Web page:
Infographic: Putting the Pop in the Ping

Here’s an infographic from the blog El País that delves into the science behind the use of aluminum bats in college baseball.  Some of the information, especially about the speed at which a ball might come off the bat, are stunning.  Click on the image for a larger version.

El Pais


Baseball 101: Fly balls

Like a ground ball, the basic definition of a fly ball seems pretty self-evident: it is a batted ball that is hit into the air.

A standard fly ball, or “fly,” is usually hit high and travels some distance laterally, usually to the outfield.  On the defensive side, fielding a fly ball is usually considered to be a routine play, and catching a fly ball before it hits the ground results in an out.  A pop fly, sometimes called a “pop up,” is a batted ball that typically soars even higher than a routine fly ball, though it does not travel very far laterally, if at all.

Meanwhile, a line drive is a ball that, while hit in the air, does not quite typically as a fly ball.  Line drives, or “liners,” are hit lower to the ground than routine fly balls, and usually with more speed and power.  They have little to no arc in their flight paths and are generally more difficult to field than routine fly balls.  A big reason that the third base position is referred to as “the hot spot” is because a lot of line drives get hit towards third base, often at dangerously high speeds.

Phillies pitcher Roy Oswalt catches a routine fly ball when asked to play outfield in a 16-inning game against the Astros (Photo source: USA Today)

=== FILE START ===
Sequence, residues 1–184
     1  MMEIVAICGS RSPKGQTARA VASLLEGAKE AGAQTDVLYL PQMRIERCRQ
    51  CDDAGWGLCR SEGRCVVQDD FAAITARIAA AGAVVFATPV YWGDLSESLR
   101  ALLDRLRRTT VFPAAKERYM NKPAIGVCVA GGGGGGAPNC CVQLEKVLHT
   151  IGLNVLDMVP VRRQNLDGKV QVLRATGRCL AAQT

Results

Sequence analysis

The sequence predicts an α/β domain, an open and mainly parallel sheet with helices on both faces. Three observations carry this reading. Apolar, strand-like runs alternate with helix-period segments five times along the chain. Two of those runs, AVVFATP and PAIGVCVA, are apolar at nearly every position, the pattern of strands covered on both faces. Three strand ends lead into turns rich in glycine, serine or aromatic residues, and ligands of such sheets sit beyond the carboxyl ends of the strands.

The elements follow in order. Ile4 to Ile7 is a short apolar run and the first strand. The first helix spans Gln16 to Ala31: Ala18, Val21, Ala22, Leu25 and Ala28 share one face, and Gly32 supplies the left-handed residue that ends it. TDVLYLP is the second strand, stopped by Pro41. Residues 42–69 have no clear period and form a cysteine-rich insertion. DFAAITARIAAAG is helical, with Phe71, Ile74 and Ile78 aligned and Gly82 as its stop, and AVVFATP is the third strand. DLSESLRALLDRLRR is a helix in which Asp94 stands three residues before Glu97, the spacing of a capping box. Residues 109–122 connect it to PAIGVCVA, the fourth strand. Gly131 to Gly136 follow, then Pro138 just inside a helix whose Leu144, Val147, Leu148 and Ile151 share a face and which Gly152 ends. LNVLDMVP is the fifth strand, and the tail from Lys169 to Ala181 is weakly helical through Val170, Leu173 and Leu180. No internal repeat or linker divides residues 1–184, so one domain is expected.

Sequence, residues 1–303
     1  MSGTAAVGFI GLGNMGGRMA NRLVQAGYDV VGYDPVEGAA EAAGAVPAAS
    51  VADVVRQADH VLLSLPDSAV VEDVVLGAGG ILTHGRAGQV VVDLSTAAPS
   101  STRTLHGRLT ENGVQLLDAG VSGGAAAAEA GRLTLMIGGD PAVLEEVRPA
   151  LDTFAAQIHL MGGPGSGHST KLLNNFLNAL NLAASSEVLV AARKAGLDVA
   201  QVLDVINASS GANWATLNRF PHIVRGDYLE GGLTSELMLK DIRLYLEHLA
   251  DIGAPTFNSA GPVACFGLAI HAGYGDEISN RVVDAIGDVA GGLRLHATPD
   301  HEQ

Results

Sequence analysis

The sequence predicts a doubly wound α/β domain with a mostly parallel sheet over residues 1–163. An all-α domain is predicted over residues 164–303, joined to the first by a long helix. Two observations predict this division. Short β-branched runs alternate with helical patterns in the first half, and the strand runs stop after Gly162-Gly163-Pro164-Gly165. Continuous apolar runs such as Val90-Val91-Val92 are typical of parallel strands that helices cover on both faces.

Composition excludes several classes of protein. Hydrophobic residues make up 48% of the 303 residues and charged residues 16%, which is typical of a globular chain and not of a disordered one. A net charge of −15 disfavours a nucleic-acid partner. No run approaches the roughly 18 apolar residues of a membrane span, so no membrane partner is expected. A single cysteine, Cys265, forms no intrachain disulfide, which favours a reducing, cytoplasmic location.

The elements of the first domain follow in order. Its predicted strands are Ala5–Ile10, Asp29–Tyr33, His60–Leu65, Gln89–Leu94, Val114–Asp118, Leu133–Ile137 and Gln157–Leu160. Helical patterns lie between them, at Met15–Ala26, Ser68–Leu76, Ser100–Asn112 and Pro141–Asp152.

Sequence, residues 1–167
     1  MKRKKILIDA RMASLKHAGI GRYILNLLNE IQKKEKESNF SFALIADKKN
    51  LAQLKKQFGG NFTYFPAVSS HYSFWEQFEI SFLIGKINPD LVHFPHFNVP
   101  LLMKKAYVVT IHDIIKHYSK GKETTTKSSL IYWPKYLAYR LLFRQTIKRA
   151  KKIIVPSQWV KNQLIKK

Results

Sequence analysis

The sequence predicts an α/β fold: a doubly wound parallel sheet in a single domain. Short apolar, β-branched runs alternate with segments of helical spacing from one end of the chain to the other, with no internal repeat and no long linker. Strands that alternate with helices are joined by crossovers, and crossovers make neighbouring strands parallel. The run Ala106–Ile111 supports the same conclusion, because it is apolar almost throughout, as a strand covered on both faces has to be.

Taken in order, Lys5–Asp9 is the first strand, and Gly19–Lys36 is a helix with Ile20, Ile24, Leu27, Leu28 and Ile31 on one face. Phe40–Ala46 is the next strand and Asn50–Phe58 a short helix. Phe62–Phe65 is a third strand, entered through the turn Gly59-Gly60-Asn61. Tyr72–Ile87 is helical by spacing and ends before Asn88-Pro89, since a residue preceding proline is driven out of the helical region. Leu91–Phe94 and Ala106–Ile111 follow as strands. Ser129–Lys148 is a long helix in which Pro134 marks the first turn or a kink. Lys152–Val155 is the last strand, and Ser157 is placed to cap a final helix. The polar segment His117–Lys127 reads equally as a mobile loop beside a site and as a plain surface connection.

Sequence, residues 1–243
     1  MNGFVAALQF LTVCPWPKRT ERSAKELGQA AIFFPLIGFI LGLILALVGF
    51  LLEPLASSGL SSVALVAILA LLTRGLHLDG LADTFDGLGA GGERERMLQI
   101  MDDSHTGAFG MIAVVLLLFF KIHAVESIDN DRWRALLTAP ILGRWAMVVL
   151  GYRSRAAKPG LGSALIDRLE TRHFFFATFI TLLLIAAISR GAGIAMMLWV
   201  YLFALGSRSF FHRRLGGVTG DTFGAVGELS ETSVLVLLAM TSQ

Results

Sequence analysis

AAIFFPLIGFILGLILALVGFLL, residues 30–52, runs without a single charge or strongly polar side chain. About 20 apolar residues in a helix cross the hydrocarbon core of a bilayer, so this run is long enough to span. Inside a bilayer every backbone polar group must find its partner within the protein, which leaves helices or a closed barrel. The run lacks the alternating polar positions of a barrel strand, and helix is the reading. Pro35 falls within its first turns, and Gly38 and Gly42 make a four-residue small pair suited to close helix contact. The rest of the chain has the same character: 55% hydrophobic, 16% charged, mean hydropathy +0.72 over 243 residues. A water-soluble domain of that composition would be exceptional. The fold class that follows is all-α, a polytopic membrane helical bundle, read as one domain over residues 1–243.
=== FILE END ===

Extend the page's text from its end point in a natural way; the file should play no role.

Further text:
Baseball 101: Ground balls

Another very basic facet of baseball: the ground ball.

A ground ball is a ball that is hit by the batter that rolls or bounces along the ground.  Simple enough, right?  It may also be referred to as a “grounder.”

Ground balls are typically fielded by infielders, although some may make it to the outfield if they are hit hard and out of reach, or if an infielder mishandles the ball.  A ground ball can sometimes referred to according to the number of hops it takes before a fielder gets to it.  For example, if a ball bounces once in between being hit and a fielder grabbing it, it is a one-hopper.  Two bounces for a two-hopper.  A ground ball that takes an unexpected bounce (i.e. bounces in a manner that defies the expectations of the fielder) is said to have taken a bad hop.

Bunts typically are not considered ground balls, even though they usually roll along the ground.  Instead, they fall into a classification of their own due to the way that they are put into play (tapped with the bat rather than swung at).

Cal Ripken, Jr. chasing down a ground ball (Photo source: NPR.org)